Emerging evidence over the past decade has implicated helminth infections as important yet stealth causes of adverse pregnancy outcomes and impaired women's reproductive health. The two most important helminth infections affecting women living in poverty in Africa and elsewhere in the developing world are hookworm infection and schistosomiasis. In Africa alone, almost 40 million women of childbearing age are infected with hookworms, including almost 7 million pregnant women who are at greater risk of severe anemia, higher mortality, and experiencing poor neonatal outcome (reduced birth weight and increased infant mortality). Possibly, tens of millions of women in Africa also suffer from female genital schistosomiasis associated with genital itching and pain, stress incontinence, dyspareunia, and infertility and experience social stigma and depression. Female genital schistosomiasis also is linked to horizontal transmission of human immunodeficiency virus (HIV) and acquired immunodeficiency syndrome (AIDS) and it may represent one of Africa's major cofactors in its AIDS epidemic. There is urgency to expand mass drug administration efforts for hookworm and schistosomiasis to include women of reproductive age and to shape new policies and advocacy initiatives for women's global health to include helminth control. In parallel is a requirement to better link global health programs for HIV and AIDS and malaria with helminth control and to simultaneously launch initiatives for research and development.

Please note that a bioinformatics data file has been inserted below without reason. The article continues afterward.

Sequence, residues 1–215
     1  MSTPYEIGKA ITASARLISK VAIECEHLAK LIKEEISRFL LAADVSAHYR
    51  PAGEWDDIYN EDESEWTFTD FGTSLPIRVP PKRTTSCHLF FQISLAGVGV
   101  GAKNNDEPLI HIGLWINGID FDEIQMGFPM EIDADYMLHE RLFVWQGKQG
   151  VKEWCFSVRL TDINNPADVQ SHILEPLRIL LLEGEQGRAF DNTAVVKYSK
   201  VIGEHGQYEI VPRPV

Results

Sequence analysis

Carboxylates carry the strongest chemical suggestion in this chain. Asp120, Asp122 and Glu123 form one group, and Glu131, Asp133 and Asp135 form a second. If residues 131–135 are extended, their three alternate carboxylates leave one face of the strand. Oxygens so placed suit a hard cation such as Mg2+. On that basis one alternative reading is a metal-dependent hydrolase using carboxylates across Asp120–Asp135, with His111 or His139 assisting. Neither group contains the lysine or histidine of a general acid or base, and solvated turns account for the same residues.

Emerging evidence over the past decade has implicated helminth infections as important yet stealthy causes of adverse pregnancy outcomes and impaired women's reproductive health.
Departments of Pediatrics and Molecular Virology and Microbiology, National School of Tropical Medicine at Baylor College of Medicine, and the Sabin Vaccine Institute and Texas Children's Hospital Center for Vaccine Development, Houston, Texas; and Virginia Tech Carilion School of Medicine, Roanoke, Virginia.
Corresponding author: Peter Hotez, MD, PhD, Baylor College of Medicine, National School of Tropical Medicine, 1 Baylor Plaza, MS 113, Houston, TX 77030; e-mail: firstname.lastname@example.org.
Peter Hotez received support to develop vaccines for helminth infections from the Bill & Melinda Gates Foundation, Dutch Ministry of Foreign Affairs, National Institute of Allergy and Infectious Diseases, National Institutes of Health, Blavatnik Family Foundation, Dr. Gary Michelson, Mort and Chris Hyman, and Texas Children's Hospital.
Financial Disclosure The authors did not report any potential conflicts of interest.